813
    This. The changes bike commuting to and from work every day worked on me were huge. I stopped doing HIIT for a while when I started, and the drop in my HR was insane. I've been commuting for three years now. When i started my RHR was 82 consistently. YES, fucking 82.

    Now it's 52.
     
  14. DanteAli

    DanteAli Blue Belt

    Joined:
    Jun 8, 2009
    Messages:
    920
    Likes Received:
    1
    Could you explain what you mean here? You may be keeping your stroke rate too high, or pulling too fast a split out of the gate, but for LISS on a rowing machine you should be keeping your split constant throughout. Its easy to get carried away and get into an anaerobic cardio workout in the first 2000 meters, then realize you are exhausted and have to slow down to a crawl for the next half hour. Stay disciplined and just put up with whatever split you can keep for the full length of your piece. For your purposes you could easily leave the resistance at 5 (you use a c2?) and leave it there forever.

    Its also worth saying that the rowing stroke is as complicated as any lifting movement. So *especially when beginning* put as much focus on form while rowing as you normally do while lifting. LISS is a great time to find that place mentally to just sit and think about a fluid rowing motion for an hour. This is much more enjoyable on a tiny boat in the middle of a great river, but you take what you can get.
     
    Last edited: Jan 2, 2013
  15. TeddyRoosevelt

    TeddyRoosevelt Brown Belt

    Joined:
    Jan 2, 2011
    Messages:
    3,097
    Likes Received:
    13
    I think most reasonably active people might have the opposite experience. Jogging is a very good for LISS for most people, precisely because the intensity is so easy to control. You can slow down to a near walk (or even a walk) if necessary. Most fit humans have the ability to complete all stages of the run/walk continuum.

    so I cycle[/QUOTE]


    This isn't completely true, and is not a particularly positive way to think about your future training. You not only control the duration and frequency of the sessions, you control the intensity, and intensity is an extremely influential variable. As you improve your cardiac output, stroke volume, and recovery ability, and (probably) decrease your RHR, you will be able to increase the intensity of your LISS exercises.

    Heart rate monitors are extremely helpful at managing intensity. But - this is personal opinion - one of the great things about many LISS exercises is that it is very easy to manually gauge and control intensity; once you've been doing something for a while, and feel able to increase the duration/frequency/intensity, it's probably fine to do so.

    This is probably not the most effective or efficient way to go about it.


    I wouldn't. More than likely, the "progressive workouts" contained therein are designed to improve rowing ability. You aren't rowing to improve your rowing ability; you are rowing to develop your energy systems. These often require very different training protocols.
     
  16. Ice 9 Cobra

    Ice 9 Cobra Black Belt

    Joined:
    Feb 12, 2011
    Messages:
    6,855
    Likes Received:
    263
    C2 has daily workouts on their website.
     
  17. redaxe

    redaxe Silver Belt

    Joined:
    Aug 27, 2008
    Messages:
    10,166
    Likes Received:
    24
    Personally I like the exercise bike because I can read or play with my smartphone while I'm doing cardio. Makes it a lot less boring. It's also easy to control the resistance and speed. And it doesn't make my joints sore.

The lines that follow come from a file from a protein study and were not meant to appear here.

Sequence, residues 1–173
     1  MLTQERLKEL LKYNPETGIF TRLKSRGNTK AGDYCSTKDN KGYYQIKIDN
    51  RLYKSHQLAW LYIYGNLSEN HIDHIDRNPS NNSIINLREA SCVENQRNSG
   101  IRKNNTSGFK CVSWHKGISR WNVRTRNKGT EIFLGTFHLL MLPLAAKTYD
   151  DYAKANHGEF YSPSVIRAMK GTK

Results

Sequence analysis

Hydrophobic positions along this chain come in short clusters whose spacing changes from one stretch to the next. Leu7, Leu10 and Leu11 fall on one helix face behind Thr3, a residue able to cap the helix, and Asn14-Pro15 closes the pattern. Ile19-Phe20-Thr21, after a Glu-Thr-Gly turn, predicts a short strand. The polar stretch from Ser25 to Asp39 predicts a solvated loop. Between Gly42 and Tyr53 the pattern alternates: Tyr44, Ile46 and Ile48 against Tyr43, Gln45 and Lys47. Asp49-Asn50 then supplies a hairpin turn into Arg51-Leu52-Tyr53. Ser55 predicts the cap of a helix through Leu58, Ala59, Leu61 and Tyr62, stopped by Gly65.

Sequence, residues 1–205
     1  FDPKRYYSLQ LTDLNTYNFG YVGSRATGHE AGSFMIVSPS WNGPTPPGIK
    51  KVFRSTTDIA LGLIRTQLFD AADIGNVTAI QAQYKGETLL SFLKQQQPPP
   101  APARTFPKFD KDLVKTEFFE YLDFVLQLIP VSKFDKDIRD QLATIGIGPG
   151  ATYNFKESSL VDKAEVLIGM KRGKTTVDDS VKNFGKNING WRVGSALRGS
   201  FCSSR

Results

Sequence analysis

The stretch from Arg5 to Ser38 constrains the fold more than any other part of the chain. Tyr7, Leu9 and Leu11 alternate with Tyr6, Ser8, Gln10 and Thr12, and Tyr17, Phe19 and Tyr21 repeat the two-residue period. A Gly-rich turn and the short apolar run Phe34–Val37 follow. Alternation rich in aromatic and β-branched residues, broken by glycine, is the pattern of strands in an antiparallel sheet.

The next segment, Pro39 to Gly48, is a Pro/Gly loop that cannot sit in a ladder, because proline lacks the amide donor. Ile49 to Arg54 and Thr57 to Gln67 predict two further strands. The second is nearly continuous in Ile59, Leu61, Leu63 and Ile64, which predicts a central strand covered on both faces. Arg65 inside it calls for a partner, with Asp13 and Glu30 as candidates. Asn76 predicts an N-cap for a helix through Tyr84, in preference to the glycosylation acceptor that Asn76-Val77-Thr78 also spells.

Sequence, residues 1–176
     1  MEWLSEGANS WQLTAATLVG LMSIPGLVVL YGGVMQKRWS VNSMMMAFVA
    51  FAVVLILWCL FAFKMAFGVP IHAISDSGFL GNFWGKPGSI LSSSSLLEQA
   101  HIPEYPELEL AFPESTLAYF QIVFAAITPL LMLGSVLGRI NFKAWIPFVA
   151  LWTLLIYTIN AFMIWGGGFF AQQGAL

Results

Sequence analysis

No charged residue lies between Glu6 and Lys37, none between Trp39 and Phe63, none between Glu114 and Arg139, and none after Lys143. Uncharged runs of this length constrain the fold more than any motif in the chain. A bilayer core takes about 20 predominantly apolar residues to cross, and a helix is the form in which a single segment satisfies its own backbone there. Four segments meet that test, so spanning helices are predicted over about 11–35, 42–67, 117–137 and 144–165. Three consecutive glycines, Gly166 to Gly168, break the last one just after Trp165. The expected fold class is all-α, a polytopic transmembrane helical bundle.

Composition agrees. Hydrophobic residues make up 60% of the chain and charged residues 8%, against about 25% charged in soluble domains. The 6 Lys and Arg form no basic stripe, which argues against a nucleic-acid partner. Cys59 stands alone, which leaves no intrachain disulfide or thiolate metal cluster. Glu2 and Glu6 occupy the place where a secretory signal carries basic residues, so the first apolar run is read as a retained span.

18. JauntyAngle

    JauntyAngle International man of mystery

    Joined:
    Dec 15, 2006
    Messages:
    7,307
    Likes Received:
    782
    Location:
    Classified
    Incline treadmill walks are also very good from this perspective. You can put a tablet on the treadmill, watch an episode of a TV show which is going to be 42-50 minutes, just perfect for a LISS session. Wear an HR monitor, just tweak the incline or the speed to keep your HR in the zone.
     
  19. JauntyAngle

    JauntyAngle International man of mystery

    Joined:
    Dec 15, 2006
    Messages:
    7,307
    Likes Received:
    782
    Location:
    Classified
    On the main question- the FAQ gives good answers on when to move on from the initial "aerobic base" phase, but IIRC it doesn't cover the two related questions of whether you should periodically return to LISS work, and if you do return, if you should just be doing it (just trying to get your time with the right HR), or actively trying to develop it.

    The aerobic system can produce a lot of energy- apparently, there are studies of competitive runners that show that for races of 400m or more, the aerobic system is the dominant provider of energy (IIRC for 400m races the aerobic system is providing just over half of the energy, and as the race gets longer the contribution is greater). Now it seems to be that people running in 400m races are generating a shit-tonne of energy. It therefore stands to reason that if trained, the aerobic system can produce 50% of one shit-tonne of energy- or maybe 500 metric shit-kilogrammes. I think we can all agree that this is plenty of energy. And the fact that is it the aerobic system that is producing that energy is pretty great, since in theory that level can be sustained for a long time without fatigue and negative side effects.

    But of course it doesn't necessarily mean that fighters or other non-runners should train for that. Maybe the level of aerobic training required to develop your aerobic system to such a high-level is so high that you couldn't do all the other things you need to do. But maybe not: the "science of running" guy emphasizes the need for runners to progress their performance while doing aerobic base/off-season work, so at least he seems to think that you can continue to develop your aerobic capacity in the long term with periodic work, done just a few times a week. Maybe.

    I don't have answers. I just have questions. (And also, seemingly, far too many socks compared to underpants. How did this situation arise?)
     
    Last edited: Jan 3, 2013
  20. Im so Moldy

    Im so Moldy Blue Belt

    Joined:
    Jun 24, 2012
    Messages:
    922
    Likes Received:
    1
    Location:
    Asheville, NC
    I've never seen such extensive calculations with shit-units.
     

Share This Page

  1. This site uses cookies to help personalise content, tailor your experience and to keep you logged in if you register.
    By continuing to use this site, you are consenting to our use of cookies.